Having formalised and multifaceted incident response processes in place is vital in the quick recovery from an IT disaster.
We’ll give you a minute to get your head around that sentence. It was boring even to write.
In simpler terms, you need to back up your business’ processes and data in preparation for a cyber attack. By saving your data on a server separate from your network, you’re guaranteeing that you can return to business as usual much quicker than you would be able to otherwise.
It’s business continuity 101. So, why is it that most businesses still haven’t made adequate planning for dealing with an IT disaster?
According to the most recent government survey, just under two fifths of businesses (37%) and two-fifths of charities (41%) have comprehensive measures in place for when they experience a cyber security incident.
Maybe businesses are confident in their IT security? Or it could be a simple case that they don’t have the resources or expertise to formulate an IT disaster plan. But risk acceptance shouldn’t be a thing when it comes to matters of data security.
What does a solid IT disaster plan look like?
A disaster recovery plan doesn’t have to be complex. In fact, the best plans are often the simplest ones in the case of disasters.
While the technical work that goes into carrying out the recovery can be, well, technical (that’s what IT support partners are there for), the plan itself should be straightforward.
Let’s look at an example of a step-by-step IT incident response process:
1. Contain the breach
Damage limitation should be the primary objective. So, first things first, you need to quickly work out how the incident happened. Once you’ve identified the vulnerability, you need to close it up.
2. Assess the risks
Once the breach has been contained, it’s time for the scary bit: assessing the extent of the damage.
Data has varying levels of sensitivity. Was the stolen information encrypted? Has it been backed up? Are items salvageable? Every IT disaster is different.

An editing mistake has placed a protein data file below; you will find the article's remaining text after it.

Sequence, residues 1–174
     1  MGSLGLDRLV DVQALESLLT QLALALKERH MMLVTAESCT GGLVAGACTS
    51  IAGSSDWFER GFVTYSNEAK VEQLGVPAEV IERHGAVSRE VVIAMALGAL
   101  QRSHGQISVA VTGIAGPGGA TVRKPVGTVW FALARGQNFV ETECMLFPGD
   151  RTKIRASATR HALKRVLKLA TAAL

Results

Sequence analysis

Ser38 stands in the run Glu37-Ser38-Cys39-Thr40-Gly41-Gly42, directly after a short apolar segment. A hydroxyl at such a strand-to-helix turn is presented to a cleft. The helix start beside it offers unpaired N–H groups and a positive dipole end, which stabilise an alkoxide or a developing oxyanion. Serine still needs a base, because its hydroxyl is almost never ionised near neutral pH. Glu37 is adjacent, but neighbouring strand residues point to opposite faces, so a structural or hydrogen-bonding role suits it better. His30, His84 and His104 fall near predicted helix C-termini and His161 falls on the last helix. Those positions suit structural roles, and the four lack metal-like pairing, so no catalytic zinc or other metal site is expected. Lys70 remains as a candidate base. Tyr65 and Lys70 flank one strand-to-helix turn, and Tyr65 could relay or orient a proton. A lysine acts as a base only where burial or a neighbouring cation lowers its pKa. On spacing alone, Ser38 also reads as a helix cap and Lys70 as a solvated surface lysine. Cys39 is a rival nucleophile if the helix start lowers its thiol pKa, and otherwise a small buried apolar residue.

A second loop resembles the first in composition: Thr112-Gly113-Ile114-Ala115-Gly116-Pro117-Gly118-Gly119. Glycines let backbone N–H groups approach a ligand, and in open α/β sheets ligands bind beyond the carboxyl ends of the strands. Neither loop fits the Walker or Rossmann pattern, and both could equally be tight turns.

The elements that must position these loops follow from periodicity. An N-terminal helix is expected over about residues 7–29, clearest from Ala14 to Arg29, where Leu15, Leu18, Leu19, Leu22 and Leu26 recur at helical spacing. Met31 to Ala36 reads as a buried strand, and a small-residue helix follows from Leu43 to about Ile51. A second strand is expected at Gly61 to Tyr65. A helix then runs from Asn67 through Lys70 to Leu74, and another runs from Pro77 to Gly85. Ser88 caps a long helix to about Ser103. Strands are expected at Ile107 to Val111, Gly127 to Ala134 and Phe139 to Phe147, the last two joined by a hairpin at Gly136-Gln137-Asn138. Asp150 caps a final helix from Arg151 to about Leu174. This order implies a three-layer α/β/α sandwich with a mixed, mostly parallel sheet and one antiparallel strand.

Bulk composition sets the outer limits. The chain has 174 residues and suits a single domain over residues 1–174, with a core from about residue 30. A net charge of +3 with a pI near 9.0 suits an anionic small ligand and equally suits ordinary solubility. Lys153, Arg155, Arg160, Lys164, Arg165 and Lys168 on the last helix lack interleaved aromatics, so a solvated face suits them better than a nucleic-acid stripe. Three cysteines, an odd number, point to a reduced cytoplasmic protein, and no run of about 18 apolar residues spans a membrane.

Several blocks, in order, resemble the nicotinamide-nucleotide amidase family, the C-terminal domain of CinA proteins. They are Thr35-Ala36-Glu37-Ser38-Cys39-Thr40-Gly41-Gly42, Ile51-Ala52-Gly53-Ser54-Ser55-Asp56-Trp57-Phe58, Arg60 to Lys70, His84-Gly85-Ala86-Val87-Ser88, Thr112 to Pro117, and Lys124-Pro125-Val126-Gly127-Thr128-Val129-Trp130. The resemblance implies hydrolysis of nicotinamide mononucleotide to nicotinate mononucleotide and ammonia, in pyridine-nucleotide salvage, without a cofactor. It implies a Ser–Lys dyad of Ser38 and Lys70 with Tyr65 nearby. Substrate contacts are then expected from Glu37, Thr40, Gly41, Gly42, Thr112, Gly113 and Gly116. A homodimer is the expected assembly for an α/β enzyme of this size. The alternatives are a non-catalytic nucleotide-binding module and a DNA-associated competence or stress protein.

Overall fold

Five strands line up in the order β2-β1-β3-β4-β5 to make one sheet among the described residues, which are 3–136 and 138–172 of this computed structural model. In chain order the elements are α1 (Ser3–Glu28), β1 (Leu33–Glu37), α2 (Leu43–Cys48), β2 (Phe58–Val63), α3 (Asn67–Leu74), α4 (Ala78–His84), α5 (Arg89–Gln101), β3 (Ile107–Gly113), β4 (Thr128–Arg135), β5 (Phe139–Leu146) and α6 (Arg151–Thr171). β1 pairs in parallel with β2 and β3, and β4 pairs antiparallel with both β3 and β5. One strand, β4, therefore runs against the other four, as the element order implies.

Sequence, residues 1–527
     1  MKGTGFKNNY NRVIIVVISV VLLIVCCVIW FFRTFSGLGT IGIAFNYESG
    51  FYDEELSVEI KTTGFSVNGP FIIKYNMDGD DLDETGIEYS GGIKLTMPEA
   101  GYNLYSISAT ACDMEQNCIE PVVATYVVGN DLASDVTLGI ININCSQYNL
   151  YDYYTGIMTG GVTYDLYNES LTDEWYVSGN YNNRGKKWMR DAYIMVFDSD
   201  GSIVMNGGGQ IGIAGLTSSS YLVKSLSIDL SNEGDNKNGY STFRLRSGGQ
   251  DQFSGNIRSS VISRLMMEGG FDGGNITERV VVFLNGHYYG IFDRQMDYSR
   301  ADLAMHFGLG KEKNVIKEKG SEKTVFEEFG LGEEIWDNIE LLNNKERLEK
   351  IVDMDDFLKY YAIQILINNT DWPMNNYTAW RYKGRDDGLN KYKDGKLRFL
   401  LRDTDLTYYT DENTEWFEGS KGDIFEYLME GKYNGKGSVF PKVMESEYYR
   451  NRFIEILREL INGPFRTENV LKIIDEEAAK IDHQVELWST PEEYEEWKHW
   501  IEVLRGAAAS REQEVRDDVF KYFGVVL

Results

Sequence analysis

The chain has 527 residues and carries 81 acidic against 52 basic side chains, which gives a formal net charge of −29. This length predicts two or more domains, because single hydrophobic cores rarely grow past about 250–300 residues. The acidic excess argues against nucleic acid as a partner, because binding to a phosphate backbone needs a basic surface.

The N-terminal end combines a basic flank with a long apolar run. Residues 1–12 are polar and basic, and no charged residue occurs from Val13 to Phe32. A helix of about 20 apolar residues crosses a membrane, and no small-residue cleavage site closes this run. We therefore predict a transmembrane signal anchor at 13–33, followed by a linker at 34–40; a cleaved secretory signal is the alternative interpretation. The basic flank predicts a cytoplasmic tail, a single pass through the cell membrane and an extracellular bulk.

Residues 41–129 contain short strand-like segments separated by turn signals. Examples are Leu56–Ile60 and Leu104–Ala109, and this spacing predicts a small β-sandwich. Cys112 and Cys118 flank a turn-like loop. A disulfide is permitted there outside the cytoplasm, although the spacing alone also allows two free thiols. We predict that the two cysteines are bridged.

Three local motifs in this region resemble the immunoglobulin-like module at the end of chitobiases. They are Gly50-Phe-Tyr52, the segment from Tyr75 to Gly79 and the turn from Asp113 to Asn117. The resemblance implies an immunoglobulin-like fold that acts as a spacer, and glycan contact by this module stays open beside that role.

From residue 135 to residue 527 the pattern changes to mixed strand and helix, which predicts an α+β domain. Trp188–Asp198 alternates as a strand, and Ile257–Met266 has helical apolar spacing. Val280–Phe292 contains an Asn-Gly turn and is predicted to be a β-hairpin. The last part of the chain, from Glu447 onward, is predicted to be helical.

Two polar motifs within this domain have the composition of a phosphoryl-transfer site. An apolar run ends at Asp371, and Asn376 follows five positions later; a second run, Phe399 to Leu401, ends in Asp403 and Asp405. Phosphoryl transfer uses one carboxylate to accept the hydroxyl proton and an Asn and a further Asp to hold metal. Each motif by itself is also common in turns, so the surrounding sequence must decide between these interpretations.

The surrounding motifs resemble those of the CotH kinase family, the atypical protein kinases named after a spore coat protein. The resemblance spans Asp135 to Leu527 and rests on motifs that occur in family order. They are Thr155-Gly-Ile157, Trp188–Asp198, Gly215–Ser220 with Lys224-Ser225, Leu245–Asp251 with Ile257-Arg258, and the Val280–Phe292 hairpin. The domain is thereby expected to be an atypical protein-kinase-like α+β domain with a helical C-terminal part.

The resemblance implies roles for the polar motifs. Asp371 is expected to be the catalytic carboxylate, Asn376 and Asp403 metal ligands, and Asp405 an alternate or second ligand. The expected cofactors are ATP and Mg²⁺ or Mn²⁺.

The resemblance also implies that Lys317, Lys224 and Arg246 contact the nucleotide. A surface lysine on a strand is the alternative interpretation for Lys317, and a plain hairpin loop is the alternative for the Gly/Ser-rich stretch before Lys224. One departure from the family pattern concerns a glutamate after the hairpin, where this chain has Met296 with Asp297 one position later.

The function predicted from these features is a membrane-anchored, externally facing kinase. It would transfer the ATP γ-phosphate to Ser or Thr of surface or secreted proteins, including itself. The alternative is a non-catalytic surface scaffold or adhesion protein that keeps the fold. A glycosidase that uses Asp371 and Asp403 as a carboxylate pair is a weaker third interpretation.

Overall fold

3. Get business back online
If you’ve had to disconnect the affected systems from the internet in order to contain the breach, this might have brought business to a halt. What can be done to ensure affected employees can safely begin work again?
4. Begin the rebuild
At the same time as firefighting, you need to think about the longer project of rebuilding. This might require a new server, migration of data, updating policies; anything that leaves your IT infrastructure in better shape than how it was found. Build back better, as they say.
The rebuild process is made significantly more efficient by having your data backed up in advance of any cyber attack.
5. Notify regulators and those affected
Under the GDPR, data breaches need to be reported if they “pose a risk to the rights and freedoms of natural living persons”.
This generally refers to the possibility of affected individuals facing economic, social or reputational damage, or financial losses.
Even if the data breach (thankfully!) doesn’t fall into that category, you may still want to notify those individuals whose information has been compromised.
Preventing an IT disaster with Nebula
While it’s vital you have a solid IT disaster plan in place, ideally, it’ll never see the light of day.
We may have made it look like you can recover from a data breach in five easy steps, but rarely is it that simple.
Prevention is much better than cure, as they say. And that applies here. But a documented IT disaster recovery process should be part of every business’s continuity plan.
Without a fixed IT disaster plan in place, the financial and reputational damages will be far more in the event of a cyber-attack on sensitive data.
At Nebula, we have developed a fully managed security solution designed to shift the responsibility from you to us. We can manage all of your business IT procedures for multiple machines and sites, including monthly vulnerability reports, fully-manned cyber security and much more.
Get in touch today and we can arrange a friendly chat to discuss what is best for your business.